When Sinemia first came across our radar, the company was happily riding the wave of anti-MoviePass publicity. With its chief competition in the midst of what looked to be a historic collapse, Sinemia happily grabbed headlines as a what looked to be like a more stable alternative for movie ticket subscriptions.
Last July, at the height of MoviePass’ meltdown, we asked Sinemia co-founder and CEO Rifat Oguz how he planned to avoid a similar fate. “By not providing unlimited tickets. But providing two tickets for $9.99 with more flexible options and features, we might not have grown as fast as MoviePass, but we’ve grown more sustainably,” he answered, happy to contrast the two companies.
Another key difference between the two competitors is that Sinemia isn’t public, so any struggles it’s had over the past year have largely been out of the public eye. Not entirely, however. Not in the age of social media. As I noted in a piece last week, every Sinemia story that’s run on this site, no matter how minor, has been bombarded with a deluge of Twitter criticism.
It’s a wide-ranging laundry list of complaints at first glance. Sinemia’s Twitter support team appears to be working overtime to address them, but the sheer number of critical responses is unlike anything I’ve seen doing this job.
The primary complaints generally fall into three separate, but sometimes overlapping, categories.
Cancellations without refunds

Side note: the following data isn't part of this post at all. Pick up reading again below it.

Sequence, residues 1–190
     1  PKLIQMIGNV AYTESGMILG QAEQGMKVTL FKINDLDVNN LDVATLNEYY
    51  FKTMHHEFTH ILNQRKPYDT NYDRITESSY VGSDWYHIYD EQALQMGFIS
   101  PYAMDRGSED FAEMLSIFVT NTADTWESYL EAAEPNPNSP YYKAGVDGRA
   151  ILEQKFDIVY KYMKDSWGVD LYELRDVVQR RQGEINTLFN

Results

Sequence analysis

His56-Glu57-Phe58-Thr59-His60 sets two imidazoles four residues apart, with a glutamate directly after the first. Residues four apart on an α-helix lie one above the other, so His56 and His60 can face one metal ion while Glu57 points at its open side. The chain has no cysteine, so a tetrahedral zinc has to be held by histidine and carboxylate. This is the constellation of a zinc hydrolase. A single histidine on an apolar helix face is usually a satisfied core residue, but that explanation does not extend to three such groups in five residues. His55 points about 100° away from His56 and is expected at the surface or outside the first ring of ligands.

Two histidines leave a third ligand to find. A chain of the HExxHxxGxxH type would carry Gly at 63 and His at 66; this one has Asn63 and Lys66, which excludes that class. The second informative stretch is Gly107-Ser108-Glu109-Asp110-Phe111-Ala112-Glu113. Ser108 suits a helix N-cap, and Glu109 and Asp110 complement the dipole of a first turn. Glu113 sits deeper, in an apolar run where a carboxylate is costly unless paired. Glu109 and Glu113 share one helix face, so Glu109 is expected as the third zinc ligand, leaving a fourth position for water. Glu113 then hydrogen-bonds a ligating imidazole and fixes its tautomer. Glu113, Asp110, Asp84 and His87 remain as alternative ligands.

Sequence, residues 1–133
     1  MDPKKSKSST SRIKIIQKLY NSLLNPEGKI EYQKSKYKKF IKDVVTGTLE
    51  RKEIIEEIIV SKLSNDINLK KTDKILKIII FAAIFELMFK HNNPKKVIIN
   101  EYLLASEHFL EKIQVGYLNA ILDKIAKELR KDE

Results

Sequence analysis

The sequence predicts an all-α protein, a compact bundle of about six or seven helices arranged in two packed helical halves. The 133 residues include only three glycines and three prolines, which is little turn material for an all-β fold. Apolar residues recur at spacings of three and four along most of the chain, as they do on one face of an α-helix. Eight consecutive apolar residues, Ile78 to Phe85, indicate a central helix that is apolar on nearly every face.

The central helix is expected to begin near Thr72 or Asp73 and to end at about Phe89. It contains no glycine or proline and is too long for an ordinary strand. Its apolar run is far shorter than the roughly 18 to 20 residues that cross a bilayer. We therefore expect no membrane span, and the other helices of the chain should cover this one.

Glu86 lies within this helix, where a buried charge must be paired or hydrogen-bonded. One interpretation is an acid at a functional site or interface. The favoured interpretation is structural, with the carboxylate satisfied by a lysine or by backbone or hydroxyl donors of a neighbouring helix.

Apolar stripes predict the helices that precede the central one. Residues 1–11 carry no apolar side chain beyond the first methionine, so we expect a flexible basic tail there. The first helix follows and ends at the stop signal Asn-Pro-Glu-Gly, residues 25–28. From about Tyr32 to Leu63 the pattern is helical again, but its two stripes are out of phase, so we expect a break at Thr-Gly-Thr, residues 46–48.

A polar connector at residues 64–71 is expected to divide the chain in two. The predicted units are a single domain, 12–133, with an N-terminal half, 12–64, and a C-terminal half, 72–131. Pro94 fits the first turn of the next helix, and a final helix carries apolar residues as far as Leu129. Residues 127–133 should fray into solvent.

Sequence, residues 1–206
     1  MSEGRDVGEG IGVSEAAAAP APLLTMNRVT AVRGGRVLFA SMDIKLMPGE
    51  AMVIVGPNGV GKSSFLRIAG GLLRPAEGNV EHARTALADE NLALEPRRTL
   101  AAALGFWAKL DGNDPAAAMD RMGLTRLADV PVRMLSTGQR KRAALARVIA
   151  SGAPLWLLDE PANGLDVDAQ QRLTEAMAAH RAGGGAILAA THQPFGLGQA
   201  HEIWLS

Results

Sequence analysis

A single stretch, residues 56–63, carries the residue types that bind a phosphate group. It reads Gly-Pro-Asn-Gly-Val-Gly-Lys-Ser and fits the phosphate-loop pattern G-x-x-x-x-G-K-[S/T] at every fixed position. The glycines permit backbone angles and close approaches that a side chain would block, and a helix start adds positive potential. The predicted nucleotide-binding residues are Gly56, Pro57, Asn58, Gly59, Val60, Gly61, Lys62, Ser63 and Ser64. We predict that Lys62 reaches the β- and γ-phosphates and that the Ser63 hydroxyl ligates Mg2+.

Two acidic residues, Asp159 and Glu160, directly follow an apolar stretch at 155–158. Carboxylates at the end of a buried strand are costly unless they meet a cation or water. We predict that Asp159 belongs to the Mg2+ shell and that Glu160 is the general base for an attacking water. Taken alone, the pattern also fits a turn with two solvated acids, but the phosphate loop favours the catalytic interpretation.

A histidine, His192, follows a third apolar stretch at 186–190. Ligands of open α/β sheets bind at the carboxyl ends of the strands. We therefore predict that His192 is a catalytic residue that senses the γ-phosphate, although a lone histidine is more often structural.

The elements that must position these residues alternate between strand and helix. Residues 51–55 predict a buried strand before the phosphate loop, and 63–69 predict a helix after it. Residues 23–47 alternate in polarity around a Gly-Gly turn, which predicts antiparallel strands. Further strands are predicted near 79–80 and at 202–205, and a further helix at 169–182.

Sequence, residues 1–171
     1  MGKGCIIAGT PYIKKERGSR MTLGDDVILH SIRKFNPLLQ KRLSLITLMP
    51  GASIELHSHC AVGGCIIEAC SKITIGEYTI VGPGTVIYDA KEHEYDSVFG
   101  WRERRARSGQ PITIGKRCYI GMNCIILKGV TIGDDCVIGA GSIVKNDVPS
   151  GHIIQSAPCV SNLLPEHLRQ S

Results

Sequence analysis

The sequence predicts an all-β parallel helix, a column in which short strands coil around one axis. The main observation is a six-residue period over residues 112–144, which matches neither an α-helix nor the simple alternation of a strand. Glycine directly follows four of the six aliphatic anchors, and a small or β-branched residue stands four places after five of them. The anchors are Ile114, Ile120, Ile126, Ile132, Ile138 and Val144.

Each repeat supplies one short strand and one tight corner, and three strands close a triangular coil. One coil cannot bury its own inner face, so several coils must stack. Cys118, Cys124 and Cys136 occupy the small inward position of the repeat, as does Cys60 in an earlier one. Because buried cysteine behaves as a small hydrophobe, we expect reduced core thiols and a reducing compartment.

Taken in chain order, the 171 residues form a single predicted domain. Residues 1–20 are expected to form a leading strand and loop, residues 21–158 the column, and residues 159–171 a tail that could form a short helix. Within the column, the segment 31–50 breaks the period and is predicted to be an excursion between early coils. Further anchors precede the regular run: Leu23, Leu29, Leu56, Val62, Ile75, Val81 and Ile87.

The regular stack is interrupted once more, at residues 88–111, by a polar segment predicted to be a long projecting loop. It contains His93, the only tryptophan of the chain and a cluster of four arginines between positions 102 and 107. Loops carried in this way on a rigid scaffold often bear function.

Widespread app problems
Earlier this week, we spoke to Oguz about the service’s ongoing issues. It was a short call, squeezed between meetings the executive was running to at CinemaCon in Las Vegas this week.
“As CEO, I can say, we’re still learning,” he said in a humble tone. “I think we’re learning in a way.
As we spoke, Sinemia issued a press release noting the launch of “two new customer service websites.” It’s not the kind of announcement companies tend to brag about in PR emails, but it seems clear the sheer volume of negative feedback has caused Sinemia to be more proactive in highlighting the steps it’s taking to address its very vocal, angry subscribers.
It echoes a move made by the company last week, when it sent its announcement of a new $15-a-month Always Unlimited plan accompanied by a lengthy “Account Termination Media Alert” that outlined its aggressive moves in March to cancel accounts over “fraudulent activity and/or misuse of the service.”
Like MoviePass before it, Sinemia began a process of terminating accounts en masse for violations of terms and generally gaming the system. In a statement last week, the service gave the following reasons as cause for potential account termination.
Unauthorized use of the Sinemia card/cardless outside of its intended purposes, resulting in fraudulent financial activity. For example, this could be purchasing concessions at the theater instead of a movie ticket.
Using multiple Sinemia accounts on the same device.
Not checking in at the theater before or after your movie.
Seeing the same movie more than three times.
Creating multiple Sinemia accounts for the same person.
Sharing one’s Sinemia membership to buy tickets for other people. This includes not only people buying tickets and selling to others but also people sharing their own tickets with friends and family members.
Manipulation of location data resulting in deceptive ticket purchases. For example, faking GPS data on a phone.
Reasonable suspicion of fraud and/or abuse.
But while cancellation complaints do appear to have accelerated last month, the truth is that negative feedback against the service dates back further. In late February, Pennsylvania law firm Chimicles Schwartz Kriner & Donaldson-Smith filed a class action suit in Delaware (not to be confused with the on-going patent dispute with MoviePass), the state in which the now largely Los Angeles and Turkey-based company was incorporated.